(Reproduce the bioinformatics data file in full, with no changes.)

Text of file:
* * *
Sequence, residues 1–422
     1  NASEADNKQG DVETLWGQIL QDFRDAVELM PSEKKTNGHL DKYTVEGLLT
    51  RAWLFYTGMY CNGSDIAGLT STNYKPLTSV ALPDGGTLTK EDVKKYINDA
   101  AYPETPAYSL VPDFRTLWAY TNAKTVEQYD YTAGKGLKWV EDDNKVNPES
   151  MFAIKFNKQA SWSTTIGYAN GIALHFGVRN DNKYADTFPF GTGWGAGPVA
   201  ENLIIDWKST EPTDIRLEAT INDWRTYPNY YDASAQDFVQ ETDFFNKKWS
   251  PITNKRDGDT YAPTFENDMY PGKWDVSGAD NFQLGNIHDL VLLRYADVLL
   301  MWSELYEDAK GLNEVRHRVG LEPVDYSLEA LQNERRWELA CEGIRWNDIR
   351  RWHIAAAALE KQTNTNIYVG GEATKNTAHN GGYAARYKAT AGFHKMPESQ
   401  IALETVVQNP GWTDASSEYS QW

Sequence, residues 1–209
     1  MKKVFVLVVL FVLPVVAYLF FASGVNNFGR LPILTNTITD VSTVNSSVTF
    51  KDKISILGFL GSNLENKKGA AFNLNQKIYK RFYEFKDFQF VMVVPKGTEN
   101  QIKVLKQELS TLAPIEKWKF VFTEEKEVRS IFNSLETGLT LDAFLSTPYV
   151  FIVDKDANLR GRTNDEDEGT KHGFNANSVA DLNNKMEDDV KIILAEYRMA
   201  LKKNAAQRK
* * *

Sequence, residues 1–422
     1  NASEADNKQG DVETLWGQIL QDFRDAVELM PSEKKTNGHL DKYTVEGLLT
    51  RAWLFYTGMY CNGSDIAGLT STNYKPLTSV ALPDGGTLTK EDVKKYINDA
   101  AYPETPAYSL VPDFRTLWAY TNAKTVEQYD YTAGKGLKWV EDDNKVNPES
   151  MFAIKFNKQA SWSTTIGYAN GIALHFGVRN DNKYADTFPF GTGWGAGPVA
   201  ENLIIDWKST EPTDIRLEAT INDWRTYPNY YDASAQDFVQ ETDFFNKKWS
   251  PITNKRDGDT YAPTFENDMY PGKWDVSGAD NFQLGNIHDL VLLRYADVLL
   301  MWSELYEDAK GLNEVRHRVG LEPVDYSLEA LQNERRWELA CEGIRWNDIR
   351  RWHIAAAALE KQTNTNIYVG GEATKNTAHN GGYAARYKAT AGFHKMPESQ
   401  IALETVVQNP GWTDASSEYS QW

Sequence, residues 1–209
     1  MKKVFVLVVL FVLPVVAYLF FASGVNNFGR LPILTNTITD VSTVNSSVTF
    51  KDKISILGFL GSNLENKKGA AFNLNQKIYK RFYEFKDFQF VMVVPKGTEN
   101  QIKVLKQELS TLAPIEKWKF VFTEEKEVRS IFNSLETGLT LDAFLSTPYV
   151  FIVDKDANLR GRTNDEDEGT KHGFNANSVA DLNNKMEDDV KIILAEYRMA
   201  LKKNAAQRK